Third, and perhaps the most serious consequence for the farm economy, is that other countries, which have their own trade troubles and grudges, may follow the U.S. lead with ill-disguised unilateral efforts to block imports such as farm trade from the United States.

Farm interests are often effective in getting protection, so whether it is rice and citrus exports to Korea, wine and berries to Canada, or tree nuts to the European Union, U.S. farms are right to be concerned. The U.S. exports two-thirds of our almonds and walnuts and large shares of California wine and dairy products. That makes these items along with alfalfa and beef, for example, particularly vulnerable.

The EU released a list of candidate productions for retaliatory tariffs that included such food and agriculture items as rice, kidney beans, orange juice and cranberries. Other countries would like target other farm products.

The worst feature of these negative potentialities is that they do not even have to be implemented to have real economic consequences. Agricultural markets, like others, operate on expectations and increasing the chance of trade disruptions in the future affects markets now. 

That is one reason that calming voices are so important. WTO Director-General Roberto Azevêdo, took the right approach by urging members to show restraint. The appropriate response to U.S. tariffs that targeted trade partners think are inappropriate is for them to make their case in the WTO and use legal tools to cause the U.S. to remove any measures found to be in violation.

Measured policy responses may be less emotionally satisfying than knee jerk reactions, but there are now well-established procedures that can lead to resolution.When it becomes clear that other countries are not going to respond rashly, markets are likely to maintain calm as the legal and economic issues are resolved.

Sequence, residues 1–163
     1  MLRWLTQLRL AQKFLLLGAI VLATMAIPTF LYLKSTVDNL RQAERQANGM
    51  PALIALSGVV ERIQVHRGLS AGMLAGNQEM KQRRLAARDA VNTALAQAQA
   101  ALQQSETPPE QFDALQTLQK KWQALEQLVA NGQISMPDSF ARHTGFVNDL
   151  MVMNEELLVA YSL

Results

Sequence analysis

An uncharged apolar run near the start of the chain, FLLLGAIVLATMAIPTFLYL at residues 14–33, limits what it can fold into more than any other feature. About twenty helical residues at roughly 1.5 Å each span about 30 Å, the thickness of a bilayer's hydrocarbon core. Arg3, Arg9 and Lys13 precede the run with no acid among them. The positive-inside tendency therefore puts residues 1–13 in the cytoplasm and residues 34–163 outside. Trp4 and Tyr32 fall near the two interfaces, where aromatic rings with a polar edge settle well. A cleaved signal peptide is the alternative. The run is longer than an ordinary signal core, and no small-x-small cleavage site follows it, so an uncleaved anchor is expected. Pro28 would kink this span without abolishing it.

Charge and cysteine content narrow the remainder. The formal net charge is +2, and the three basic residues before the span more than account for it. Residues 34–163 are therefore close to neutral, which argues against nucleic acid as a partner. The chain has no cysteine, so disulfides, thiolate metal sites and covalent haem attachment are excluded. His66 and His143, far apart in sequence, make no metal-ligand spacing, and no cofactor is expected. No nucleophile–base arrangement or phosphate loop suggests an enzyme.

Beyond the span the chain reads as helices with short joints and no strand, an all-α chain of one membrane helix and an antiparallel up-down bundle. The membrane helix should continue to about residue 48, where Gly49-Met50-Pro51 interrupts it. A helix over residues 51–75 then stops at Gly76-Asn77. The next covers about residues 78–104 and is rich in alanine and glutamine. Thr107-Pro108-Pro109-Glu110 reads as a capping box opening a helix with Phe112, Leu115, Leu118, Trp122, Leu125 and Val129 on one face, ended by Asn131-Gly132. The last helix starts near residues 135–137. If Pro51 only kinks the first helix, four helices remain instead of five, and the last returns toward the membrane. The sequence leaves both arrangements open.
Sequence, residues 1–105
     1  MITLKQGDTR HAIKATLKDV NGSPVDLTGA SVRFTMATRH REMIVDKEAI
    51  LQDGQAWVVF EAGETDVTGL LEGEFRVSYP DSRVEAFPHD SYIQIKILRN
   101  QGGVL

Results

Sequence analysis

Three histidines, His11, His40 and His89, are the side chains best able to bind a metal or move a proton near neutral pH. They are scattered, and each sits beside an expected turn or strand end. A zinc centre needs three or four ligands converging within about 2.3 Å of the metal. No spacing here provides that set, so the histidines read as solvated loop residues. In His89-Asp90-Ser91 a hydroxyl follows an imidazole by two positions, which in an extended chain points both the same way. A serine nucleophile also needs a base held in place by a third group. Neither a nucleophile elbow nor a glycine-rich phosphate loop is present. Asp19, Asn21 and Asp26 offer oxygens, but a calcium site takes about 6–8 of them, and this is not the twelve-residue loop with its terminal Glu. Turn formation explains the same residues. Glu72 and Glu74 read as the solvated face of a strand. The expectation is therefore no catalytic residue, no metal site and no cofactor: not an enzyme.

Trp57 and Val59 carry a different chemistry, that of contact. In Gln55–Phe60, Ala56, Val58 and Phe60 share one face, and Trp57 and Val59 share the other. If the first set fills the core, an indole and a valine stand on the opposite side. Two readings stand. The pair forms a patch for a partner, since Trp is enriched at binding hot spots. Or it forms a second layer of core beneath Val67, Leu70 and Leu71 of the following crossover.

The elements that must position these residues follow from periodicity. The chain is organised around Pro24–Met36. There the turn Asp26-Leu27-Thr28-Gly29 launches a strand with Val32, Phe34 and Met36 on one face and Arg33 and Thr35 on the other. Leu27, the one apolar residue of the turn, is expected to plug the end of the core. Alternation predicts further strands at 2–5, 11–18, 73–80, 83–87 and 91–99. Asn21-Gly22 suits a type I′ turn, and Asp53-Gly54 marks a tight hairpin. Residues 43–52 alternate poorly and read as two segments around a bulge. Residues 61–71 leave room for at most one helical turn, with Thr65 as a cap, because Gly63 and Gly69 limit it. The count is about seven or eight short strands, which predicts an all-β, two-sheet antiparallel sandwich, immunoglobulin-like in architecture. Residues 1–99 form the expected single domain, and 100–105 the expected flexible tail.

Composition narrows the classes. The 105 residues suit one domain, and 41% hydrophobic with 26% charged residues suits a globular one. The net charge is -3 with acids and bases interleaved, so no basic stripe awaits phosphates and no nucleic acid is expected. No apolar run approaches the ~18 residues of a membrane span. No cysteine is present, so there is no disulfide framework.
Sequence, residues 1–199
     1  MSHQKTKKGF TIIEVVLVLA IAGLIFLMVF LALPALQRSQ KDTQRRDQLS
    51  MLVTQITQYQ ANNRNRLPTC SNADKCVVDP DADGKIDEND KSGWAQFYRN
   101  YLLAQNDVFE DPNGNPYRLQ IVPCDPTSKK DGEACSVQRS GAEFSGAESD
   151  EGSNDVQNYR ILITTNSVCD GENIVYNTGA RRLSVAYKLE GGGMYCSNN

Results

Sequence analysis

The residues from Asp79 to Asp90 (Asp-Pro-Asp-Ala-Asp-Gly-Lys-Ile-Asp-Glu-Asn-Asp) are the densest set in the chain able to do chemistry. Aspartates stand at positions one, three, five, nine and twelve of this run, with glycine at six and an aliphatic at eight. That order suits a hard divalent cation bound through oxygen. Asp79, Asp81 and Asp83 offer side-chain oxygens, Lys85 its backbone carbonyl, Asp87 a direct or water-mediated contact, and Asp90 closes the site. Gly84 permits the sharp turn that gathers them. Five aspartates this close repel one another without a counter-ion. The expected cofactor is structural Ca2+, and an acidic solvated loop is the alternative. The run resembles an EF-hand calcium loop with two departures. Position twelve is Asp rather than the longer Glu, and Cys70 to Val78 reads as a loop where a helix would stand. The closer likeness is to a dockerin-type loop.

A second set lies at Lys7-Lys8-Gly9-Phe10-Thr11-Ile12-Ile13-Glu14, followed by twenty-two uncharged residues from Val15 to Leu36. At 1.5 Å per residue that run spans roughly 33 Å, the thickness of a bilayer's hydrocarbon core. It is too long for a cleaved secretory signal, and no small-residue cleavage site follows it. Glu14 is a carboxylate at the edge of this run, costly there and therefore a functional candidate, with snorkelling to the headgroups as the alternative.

Of course, a measured international response will not eliminate self-inflicted economic damage to agricultural and other industries in the United States. The best action now would be to revise the tariffs to include the smallest possible list of countries (zero is best) and to refocus the any trade action toward those countries that committed offences for which an economic and legal case can be made in an appropriate forum such as the WTO.

Agriculture is at the front of the long and broad line of those objecting to this latest attempt to coddle the steel industry. The reason is based on data and history. Perhaps one upside of this latest outbreak of naked crony-capitalism is that it is so egregious and ill-considered that it illustrates clearly the deep and widespread economic benefits of letting markets work. And, it is still not too late to learn the lesson and avoid most of the economic pain.

Daniel A. Sumner is the director of the University of California Agricultural Issues Center and a professor of agricultural economics at UC Davis. He was assistant secretary for Economics at USDA in the early 1990s and previous served on President Reagan’s Council of Economic Advisers.